For the first time, the federal Every Student Succeeds Act (ESSA) includes new provisions explicitly aimed at supporting students attending school in juvenile facilities. While this is exciting news, it appears that states did not actually have to satisfy those provisions in order to have their plans approved by the federal Department of Education; these provisions were not included in the Department’s official peer review process, and they were also left off the list of provisions that Department staff would review internally. In Bellwether’s own recent review of all state plans (which focused only on the accountability portions of plans), no one saw any reference to juvenile justice facilities.
In order to think through how ESSA can be used to improve education programs in juvenile justice facilities, the American Youth Policy Forum, the Council of State Governments Justice Center, and the National Reentry Resource Center recently collaborated on a policy brief.
I spoke with Nina Salomon at the Council of State Governments Justice Center and Jenna Tomasello at the American Youth Policy Forum to learn more about this report and what they think we still need to do in order to improve education access and quality for young people incarcerated in juvenile justice facilities.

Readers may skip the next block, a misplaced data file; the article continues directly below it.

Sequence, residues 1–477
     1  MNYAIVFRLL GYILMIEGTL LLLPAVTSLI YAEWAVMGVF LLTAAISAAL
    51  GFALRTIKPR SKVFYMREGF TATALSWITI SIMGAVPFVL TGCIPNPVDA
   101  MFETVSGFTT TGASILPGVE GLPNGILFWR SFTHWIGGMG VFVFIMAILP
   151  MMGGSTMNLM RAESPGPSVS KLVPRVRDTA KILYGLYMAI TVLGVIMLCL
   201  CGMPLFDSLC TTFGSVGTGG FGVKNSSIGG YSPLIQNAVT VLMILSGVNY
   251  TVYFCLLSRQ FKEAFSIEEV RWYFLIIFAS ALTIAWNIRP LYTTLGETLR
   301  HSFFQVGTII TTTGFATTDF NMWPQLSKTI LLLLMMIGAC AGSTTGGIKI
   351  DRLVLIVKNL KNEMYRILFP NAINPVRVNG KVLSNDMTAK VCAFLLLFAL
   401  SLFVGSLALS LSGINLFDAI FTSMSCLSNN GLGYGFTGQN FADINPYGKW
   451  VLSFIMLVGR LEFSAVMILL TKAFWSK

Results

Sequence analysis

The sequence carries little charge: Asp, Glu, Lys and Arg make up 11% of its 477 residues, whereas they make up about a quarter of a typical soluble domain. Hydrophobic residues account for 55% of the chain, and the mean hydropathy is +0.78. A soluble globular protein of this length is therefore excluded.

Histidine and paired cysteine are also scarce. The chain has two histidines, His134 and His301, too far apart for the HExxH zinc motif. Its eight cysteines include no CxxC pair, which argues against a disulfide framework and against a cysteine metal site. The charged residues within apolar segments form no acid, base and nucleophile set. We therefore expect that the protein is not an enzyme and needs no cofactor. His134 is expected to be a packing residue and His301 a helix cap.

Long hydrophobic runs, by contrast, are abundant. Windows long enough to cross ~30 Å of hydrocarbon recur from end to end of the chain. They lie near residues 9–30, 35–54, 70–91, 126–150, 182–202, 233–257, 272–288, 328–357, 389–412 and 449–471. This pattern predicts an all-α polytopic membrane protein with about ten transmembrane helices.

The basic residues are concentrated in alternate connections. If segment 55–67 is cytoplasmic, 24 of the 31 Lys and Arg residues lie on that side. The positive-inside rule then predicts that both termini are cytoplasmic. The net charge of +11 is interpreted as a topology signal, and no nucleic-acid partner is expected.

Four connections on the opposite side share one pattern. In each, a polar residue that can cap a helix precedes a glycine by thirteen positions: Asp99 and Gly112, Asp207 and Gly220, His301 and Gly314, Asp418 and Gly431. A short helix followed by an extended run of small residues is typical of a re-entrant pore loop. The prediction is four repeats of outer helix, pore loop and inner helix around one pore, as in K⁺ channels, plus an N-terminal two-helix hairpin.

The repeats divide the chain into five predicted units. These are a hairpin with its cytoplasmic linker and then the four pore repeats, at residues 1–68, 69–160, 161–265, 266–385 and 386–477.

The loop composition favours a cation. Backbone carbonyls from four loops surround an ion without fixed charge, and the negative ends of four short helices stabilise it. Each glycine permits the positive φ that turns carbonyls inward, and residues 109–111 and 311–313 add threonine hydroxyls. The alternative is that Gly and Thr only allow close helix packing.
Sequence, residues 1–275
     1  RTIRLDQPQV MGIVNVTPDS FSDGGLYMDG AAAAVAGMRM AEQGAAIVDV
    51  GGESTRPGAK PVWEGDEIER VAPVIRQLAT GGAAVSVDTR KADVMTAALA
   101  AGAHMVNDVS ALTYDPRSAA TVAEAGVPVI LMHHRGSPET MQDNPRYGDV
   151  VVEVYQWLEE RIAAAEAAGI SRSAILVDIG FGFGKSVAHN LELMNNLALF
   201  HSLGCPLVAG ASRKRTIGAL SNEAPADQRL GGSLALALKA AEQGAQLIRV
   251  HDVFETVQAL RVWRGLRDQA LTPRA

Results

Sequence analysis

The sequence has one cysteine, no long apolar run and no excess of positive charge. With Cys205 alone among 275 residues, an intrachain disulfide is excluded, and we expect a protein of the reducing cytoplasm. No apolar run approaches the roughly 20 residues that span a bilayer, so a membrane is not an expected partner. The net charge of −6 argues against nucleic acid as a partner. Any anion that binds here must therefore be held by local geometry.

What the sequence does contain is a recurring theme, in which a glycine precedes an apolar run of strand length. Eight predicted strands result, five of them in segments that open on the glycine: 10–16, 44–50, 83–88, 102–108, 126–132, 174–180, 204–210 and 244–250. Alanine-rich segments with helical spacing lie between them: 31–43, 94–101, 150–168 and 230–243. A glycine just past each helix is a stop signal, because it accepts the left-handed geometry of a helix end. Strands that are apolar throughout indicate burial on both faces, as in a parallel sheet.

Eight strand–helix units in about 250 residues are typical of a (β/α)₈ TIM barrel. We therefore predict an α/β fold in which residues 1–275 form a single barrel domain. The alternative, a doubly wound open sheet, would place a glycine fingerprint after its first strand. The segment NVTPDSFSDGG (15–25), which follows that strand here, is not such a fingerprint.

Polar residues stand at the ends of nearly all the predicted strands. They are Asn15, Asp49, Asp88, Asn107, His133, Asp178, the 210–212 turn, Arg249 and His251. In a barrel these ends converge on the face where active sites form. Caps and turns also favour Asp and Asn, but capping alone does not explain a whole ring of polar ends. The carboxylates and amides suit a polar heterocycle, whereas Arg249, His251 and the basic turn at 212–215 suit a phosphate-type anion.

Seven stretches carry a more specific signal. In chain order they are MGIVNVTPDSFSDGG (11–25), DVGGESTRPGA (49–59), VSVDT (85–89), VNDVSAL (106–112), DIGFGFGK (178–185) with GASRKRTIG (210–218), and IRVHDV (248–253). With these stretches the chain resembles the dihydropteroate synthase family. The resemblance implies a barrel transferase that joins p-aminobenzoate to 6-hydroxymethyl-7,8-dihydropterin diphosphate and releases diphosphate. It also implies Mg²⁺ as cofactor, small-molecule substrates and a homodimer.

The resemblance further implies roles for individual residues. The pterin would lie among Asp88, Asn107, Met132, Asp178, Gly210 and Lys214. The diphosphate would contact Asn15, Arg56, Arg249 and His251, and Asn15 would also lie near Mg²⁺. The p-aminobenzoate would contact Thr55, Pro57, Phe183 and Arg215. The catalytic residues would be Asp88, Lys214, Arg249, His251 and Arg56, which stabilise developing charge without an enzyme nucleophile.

Your new report talks about leveraging ESSA to support the education success for students in juvenile justice facilities. What are some specific ways states should be responding to ESSA in order to serve these students?
ESSA aims to “provide all children significant opportunity to receive a fair, equitable, and high-quality education, and to close educational achievement gaps.” For us, all means all, and we believe ESSA presents an opportunity for states to think about how to develop a statewide accountability system focused on continuous improvement that is inclusive of educational programs and schools serving students in juvenile justice facilities.
In the brief we focus specifically on Title 1, Part A as a leverage point in ESSA, but Title 1, Part D also has new and revised provisions to improve education outcomes of students in juvenile justice facilities. In our conversations with states, and our cursory review of state ESSA plans, it does not seem that juvenile justice stakeholders were at the table for ESSA planning conversations, and that ESSA plans seem to reflect this lack of involvement.
(Bellwether note: States that did use the optional federal template were asked to provide information about the Title I, Part D provisions specific to juvenile justice facilities. A summary and analysis of those responses is forthcoming from our team. Outside of that section, most states did not offer any additional information about education programs in juvenile justice facilities. )
Does ESSA reach all students who are attending school in a corrections facility? Are there any categories of students who might still be left out of the statute’s provisions?